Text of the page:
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Hot Breakfast Program Helps Students


The breakfasts are part of a World Food Program initiative that aims to feed 3.5 million students by 2016.

The breakfasts are part of a World Food Program initiative that aims to feed 3.5 million students by 2016.

Tuesday morning, not long after dawn, a line of students formed outside En Komar Primary School, in Kampong Thom province. Students were waiting to receive breakfast from their teachers.

The breakfasts are part of a World Food Program initiative that aims to feed 3.5 million students by 2016.

So far, the program feeds about 150,000 primary school students, with help from a US grant of $20 million, in the provinces of Battambang, Kampong Thom and Siem Reap.

Students in Kampong Thom said Monday the breakfasts help them stay alert in school. Some even said it helps them keep returning to school.

“I had rice, water greens and fish this morning,” Nen Samnang, a six-grader at En Komar, said Tuesday morning, as he ate in the front of his classroom.

Some of the vegetables are grown at the school, and some are donated by students’ families.

For poor families, the program provides $5 or 10 kilograms of rice per month, to encourage parents to send their children to school.

“I get $5 a month,” said student Chin Sokreoun. “I take this money to my mother so that she can buy rice to cook. Now she always pushes me to go to school.”

En Komar’s director, Sem Non, said the program benefits students both nutritionally and motivationally. “When they are fed, they stop being hungry and can concentrate on their studies,” he said.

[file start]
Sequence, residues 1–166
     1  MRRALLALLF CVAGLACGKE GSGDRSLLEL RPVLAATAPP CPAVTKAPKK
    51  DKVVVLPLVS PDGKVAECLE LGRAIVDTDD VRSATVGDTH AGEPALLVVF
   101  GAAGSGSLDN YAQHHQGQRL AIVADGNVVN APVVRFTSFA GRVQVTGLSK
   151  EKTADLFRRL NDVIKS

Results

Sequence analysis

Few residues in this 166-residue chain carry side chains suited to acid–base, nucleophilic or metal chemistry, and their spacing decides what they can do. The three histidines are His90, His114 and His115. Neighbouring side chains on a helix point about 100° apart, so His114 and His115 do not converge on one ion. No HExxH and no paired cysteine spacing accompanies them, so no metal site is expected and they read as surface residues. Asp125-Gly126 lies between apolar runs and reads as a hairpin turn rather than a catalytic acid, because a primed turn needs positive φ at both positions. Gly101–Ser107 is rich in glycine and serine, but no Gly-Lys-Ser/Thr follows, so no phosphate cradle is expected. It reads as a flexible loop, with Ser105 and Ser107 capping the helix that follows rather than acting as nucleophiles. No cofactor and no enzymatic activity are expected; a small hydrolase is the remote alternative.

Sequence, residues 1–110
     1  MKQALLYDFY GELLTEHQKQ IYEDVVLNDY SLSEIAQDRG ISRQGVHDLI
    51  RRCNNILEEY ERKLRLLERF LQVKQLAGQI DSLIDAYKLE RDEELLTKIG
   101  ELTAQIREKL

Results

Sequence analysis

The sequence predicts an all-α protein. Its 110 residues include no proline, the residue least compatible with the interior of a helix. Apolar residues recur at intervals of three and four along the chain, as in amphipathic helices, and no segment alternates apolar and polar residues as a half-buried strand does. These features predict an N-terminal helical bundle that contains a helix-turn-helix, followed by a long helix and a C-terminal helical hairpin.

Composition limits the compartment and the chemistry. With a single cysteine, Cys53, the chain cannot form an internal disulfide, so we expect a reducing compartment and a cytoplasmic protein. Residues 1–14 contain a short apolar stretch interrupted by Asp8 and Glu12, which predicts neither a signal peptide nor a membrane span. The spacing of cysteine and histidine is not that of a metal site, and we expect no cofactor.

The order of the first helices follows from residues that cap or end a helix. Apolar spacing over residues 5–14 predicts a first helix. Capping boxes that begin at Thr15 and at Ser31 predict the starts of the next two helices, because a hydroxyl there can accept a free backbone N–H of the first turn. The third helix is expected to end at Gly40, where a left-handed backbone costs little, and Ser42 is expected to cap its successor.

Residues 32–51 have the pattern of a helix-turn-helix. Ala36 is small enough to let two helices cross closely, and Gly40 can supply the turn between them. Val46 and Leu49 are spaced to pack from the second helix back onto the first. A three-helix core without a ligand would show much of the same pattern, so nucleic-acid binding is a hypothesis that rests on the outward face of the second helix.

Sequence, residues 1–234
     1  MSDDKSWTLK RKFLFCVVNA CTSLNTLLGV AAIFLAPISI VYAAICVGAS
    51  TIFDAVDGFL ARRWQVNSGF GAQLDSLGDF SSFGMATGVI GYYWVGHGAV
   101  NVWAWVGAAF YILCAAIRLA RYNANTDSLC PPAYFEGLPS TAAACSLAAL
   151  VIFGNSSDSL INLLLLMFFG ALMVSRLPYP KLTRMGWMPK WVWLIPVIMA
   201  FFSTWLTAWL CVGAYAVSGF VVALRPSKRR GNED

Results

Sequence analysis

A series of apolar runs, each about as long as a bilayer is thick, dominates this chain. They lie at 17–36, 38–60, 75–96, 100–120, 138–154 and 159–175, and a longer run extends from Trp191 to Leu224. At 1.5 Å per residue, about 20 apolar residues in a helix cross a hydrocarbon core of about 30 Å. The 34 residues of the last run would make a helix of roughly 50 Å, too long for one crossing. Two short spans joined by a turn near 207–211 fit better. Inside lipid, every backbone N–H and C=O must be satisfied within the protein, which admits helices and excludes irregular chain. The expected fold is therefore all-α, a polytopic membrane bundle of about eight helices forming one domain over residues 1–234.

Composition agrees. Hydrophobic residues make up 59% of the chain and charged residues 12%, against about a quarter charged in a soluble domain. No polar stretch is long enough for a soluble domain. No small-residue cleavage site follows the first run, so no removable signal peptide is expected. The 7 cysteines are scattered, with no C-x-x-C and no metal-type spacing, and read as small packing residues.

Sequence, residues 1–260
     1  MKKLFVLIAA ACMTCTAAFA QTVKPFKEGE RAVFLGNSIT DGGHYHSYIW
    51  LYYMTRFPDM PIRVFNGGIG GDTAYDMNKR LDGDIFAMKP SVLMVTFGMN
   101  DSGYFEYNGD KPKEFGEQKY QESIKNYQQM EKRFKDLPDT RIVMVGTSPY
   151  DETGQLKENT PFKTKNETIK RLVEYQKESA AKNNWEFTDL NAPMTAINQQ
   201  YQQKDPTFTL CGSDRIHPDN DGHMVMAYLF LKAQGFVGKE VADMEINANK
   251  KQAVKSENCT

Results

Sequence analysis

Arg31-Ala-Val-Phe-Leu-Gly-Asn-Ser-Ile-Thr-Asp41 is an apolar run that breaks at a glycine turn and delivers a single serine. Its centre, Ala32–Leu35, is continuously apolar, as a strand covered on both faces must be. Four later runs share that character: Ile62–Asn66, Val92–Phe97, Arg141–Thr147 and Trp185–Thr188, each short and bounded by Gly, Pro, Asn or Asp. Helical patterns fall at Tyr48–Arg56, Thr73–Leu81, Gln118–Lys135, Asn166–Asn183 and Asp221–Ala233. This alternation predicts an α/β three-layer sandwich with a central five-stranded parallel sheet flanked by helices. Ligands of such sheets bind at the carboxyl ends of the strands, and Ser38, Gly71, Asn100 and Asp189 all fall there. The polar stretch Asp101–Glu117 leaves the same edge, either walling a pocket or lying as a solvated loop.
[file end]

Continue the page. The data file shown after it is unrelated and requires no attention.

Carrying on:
WFP officials say malnutrition remains a major public health issue in Cambodia. An estimated 40 percent of children here under the age of 5 are malnourished, and more than a quarter of them are under weight. At least one in 10 is acutely malnourished, and more than half are anemic.

The organization estimates the country loses up to $400 million per year, or 2.5 percent of its GDP, to malnutrition.

Gianpietro Bordignon, the WFP’s Cambodia representative, said schools are selected for the program based on poverty and other indicators. “So we target communities and schools that have less means and resources to send their children to school,” he said.

Jeff Daigle, deputy chief of mission at the US Embassy, said Tuesday the US is “pushing hard” to increase resources to Cambodia. The $20 million grant from the embassy was aimed at “working with the partner schools and ensuring and boosting their involvement and performance,” he said.

An additional $75 million has gone to Cambodia for food security and agriculture, he said.

Education Minister Hang Chuon Naron thanked the US and the WFP on Tuesday, saying the school program has directly contributed to increased enrollment.
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